Miracles · Theology · Virgin Birth

The Miraculous Birth of Jesus Christ

The doctrine of the virgin birth is based on two explicit and harmonious accounts recorded in the Synoptic Gospels—Matthew 1:18–25 and Luke 1:26–38, each clearly independent of the other. Both narratives teach that the birth of Jesus resulted from a miraculous conception by the power of the Holy Spirit in the womb of the Virgin Mary apart from any sexual relationship. This doctrine must be distinguished from latter doctrinal developments concerning Mary, such as her perpetual virginity, her immaculate conception (being free from the stains of original sin), and her assumption into heaven—all of which are without biblical warrant.

Possibility and Probability of Miracles

The majority of professing Christians embraced the vir­gin birth without hesitation until nineteenth-century lib­eral theology began to question the possibility of miracles. Seeking to de-supernaturalize the Christian faith, liberalism unabashedly rejected even the possibility of miracles, and hence, the virgin birth of Jesus as well. Such unsubstanti­ated skepticism remains just as arbitrary and indefensible today as it was when the presupposition was first used in attacking the historicity of the Bible. The virgin birth is no more miraculous—nor does it require any more faith to be­lieve—than any other tenet of the Christian faith, including the atonement, the resurrection, regeneration of unbeliev­ers, and so on. If miracles are rejected a priori, then nothing of consequence to the Christian faith can be retained.

Even if one were to accept the general possibility of miracles, the question still remains about the probability of the virgin birth of Jesus. In light of the reality of the biblical teaching that Jesus performed miracles while on earth, was resurrected by the power of the Holy Spirit, and ascended into heaven supernaturally, it is completely harmonious to affirm Jesus entered into his creation in more than a mere natural manner—he entered miraculously.

Since the Bible unambiguously sets forth the concept of a virgin birth twice, it is more than sufficient proof. Anyone who requests an inspired and authoritative voice, Matthew and Luke offer us compelling evidence that the virgin birth is a fact, consistent with all historical discoveries.

The Rest of Scripture

Apart from an outright rejection of the miraculous, the great­est objection to the virgin birth concerns the “silence” in the remaining gospels and other parts of the New Testament. Since Mark (who wrote presumably the oldest of the four Gospels), John, Paul, and other writers are silent about the virgin birth, it is argued that the miraculous conception of Jesus was a later legend and was unknown in the earliest Christian circles (which, ironically, is an argument from silence). However, the silence in the New Testament can be reasonably explained in the same way one could answer charges of absence from certain authors regarding other theological facts. That is to say, the New Testament deals primarily with (1) Jesus’ ministry, death, and resurrection (the Gospels and some of the epistles); (2) the preaching, apologetic, and missionary work of the early church (Acts); (3) theological and practical problems within the church (epistles, Acts); and (4) the will of God triumphing and as­surances of Jesus’ return (Revelation, epistles).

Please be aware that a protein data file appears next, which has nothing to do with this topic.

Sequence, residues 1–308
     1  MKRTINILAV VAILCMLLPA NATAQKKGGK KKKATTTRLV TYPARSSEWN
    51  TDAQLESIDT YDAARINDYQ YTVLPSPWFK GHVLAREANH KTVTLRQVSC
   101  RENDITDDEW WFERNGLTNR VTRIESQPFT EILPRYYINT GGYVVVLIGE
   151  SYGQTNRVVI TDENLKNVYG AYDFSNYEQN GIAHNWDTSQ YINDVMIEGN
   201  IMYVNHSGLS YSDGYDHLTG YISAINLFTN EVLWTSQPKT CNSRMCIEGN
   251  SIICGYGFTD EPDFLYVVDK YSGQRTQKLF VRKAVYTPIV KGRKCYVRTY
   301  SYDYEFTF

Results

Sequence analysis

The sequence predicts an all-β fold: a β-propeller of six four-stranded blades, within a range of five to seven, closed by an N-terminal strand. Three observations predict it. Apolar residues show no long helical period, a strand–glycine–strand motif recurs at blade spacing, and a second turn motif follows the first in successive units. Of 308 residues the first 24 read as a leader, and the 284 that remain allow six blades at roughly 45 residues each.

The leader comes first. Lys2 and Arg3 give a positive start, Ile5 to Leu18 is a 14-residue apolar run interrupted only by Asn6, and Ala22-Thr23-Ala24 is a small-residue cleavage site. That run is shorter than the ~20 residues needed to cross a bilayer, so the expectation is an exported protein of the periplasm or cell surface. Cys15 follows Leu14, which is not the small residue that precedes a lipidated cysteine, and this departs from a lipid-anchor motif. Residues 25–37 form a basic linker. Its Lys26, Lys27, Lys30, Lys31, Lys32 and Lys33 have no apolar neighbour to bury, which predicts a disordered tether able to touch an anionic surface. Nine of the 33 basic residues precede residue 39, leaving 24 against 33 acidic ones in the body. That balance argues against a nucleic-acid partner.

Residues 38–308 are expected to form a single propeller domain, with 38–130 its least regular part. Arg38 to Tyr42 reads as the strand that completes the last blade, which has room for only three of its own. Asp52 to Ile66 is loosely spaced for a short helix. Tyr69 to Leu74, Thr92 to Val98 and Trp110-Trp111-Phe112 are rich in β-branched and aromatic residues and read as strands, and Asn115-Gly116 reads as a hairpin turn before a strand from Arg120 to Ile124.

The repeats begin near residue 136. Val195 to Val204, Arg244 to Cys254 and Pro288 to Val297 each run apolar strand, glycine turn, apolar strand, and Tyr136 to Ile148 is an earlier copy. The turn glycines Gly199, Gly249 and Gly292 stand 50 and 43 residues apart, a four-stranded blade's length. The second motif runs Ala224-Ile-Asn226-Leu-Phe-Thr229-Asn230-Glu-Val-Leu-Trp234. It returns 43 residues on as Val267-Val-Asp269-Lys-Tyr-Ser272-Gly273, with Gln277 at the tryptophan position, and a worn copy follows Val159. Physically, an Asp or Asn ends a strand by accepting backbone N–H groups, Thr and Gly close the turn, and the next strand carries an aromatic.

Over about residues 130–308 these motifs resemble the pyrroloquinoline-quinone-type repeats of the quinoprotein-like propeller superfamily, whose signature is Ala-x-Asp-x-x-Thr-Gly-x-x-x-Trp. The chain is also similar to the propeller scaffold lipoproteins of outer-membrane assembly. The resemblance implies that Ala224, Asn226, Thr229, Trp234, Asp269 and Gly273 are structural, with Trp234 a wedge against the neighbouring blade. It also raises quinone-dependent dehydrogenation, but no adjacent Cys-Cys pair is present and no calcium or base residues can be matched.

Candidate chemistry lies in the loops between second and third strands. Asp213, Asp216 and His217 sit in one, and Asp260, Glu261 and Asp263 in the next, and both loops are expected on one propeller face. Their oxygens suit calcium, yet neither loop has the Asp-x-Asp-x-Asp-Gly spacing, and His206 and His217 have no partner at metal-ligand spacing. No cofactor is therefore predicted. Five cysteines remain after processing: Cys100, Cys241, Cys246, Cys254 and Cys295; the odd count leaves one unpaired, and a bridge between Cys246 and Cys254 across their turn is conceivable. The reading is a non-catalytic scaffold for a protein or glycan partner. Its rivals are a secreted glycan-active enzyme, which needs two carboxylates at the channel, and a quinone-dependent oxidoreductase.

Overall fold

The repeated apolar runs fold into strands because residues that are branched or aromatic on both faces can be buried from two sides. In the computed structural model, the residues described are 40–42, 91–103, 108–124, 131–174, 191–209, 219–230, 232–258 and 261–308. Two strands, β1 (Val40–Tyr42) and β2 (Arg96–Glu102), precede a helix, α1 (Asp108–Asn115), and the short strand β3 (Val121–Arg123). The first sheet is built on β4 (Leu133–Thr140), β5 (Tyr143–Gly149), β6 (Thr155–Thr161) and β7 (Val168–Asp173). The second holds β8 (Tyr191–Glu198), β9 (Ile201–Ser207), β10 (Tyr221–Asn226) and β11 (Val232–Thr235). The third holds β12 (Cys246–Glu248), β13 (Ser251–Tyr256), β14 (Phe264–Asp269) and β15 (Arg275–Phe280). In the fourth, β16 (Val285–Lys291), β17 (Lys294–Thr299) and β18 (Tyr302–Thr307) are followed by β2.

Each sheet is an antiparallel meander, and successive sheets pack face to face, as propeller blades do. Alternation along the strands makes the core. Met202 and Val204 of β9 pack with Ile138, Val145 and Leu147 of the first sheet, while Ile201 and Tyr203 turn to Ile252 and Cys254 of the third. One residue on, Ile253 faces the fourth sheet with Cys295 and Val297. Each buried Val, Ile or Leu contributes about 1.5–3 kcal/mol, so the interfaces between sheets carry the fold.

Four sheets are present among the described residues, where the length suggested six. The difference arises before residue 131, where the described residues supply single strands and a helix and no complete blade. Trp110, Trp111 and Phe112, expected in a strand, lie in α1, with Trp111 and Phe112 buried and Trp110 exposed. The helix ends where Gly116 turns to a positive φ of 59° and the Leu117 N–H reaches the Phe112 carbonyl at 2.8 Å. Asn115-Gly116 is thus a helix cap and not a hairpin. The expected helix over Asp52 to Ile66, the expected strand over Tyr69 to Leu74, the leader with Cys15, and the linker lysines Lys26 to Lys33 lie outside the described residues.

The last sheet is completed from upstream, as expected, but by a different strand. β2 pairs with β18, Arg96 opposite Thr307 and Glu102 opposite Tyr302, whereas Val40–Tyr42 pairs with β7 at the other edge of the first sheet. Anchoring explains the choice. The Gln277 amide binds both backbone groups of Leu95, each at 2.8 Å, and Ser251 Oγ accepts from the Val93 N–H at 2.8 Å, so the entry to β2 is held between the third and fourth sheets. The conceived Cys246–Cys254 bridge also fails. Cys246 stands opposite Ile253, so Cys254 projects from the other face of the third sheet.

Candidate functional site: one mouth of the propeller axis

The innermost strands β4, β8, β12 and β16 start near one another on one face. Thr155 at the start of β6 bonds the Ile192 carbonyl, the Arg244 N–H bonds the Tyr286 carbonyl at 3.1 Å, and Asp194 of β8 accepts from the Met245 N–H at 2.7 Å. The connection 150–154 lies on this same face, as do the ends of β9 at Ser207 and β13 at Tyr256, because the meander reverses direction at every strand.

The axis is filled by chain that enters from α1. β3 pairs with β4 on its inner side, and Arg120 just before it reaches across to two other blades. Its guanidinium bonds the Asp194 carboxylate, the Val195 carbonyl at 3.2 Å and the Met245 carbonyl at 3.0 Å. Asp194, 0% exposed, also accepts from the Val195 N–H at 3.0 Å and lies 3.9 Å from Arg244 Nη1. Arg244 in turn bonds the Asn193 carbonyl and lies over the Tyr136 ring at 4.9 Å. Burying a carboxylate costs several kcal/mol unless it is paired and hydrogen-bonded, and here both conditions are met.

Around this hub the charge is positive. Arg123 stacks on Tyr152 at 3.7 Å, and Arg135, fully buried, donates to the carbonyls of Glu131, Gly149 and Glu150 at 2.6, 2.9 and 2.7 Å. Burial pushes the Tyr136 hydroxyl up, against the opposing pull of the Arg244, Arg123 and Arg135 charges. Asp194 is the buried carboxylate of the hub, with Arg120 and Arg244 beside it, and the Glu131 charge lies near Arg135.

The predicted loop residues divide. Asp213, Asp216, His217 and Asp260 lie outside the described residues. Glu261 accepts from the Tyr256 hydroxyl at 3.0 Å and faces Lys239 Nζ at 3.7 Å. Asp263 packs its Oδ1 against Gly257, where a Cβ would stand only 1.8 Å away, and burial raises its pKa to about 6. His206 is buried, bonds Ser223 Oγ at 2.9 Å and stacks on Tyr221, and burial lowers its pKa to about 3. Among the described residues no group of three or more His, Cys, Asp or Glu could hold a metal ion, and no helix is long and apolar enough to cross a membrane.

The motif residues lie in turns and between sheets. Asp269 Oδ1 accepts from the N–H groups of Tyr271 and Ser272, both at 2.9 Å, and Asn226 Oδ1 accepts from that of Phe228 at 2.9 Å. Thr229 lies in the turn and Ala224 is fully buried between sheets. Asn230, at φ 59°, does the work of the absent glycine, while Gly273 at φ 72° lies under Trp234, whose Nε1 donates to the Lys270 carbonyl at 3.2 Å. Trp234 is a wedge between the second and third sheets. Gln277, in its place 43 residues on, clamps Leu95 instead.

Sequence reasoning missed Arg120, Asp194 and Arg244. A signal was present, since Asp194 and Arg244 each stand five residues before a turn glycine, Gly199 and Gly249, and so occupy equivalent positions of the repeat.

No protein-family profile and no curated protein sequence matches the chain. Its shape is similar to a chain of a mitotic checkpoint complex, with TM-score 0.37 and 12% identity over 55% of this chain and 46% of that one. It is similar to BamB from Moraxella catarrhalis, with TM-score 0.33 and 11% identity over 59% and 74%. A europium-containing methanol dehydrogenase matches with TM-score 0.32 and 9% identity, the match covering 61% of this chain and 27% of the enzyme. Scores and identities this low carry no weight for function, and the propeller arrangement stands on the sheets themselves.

The virgin birth, as important a doctrine as it is, was not vital to Jesus’ own ministry or, so far as we can tell, that of the early church. Nowhere do we ever see it rising to the point in which an apostle must address it in any letter or epistle. When the New Testament writers did focus upon the miraculous nature of Jesus’ birth, they did so in order to show the fulfillment of the great Immanuel prophecy recorded in Isaiah 7 to 9:7.

We must also assume the early church adhered to a policy of decorum regarding public discussions about a private family issue out of respect for Mary and the rest of Jesus’ family.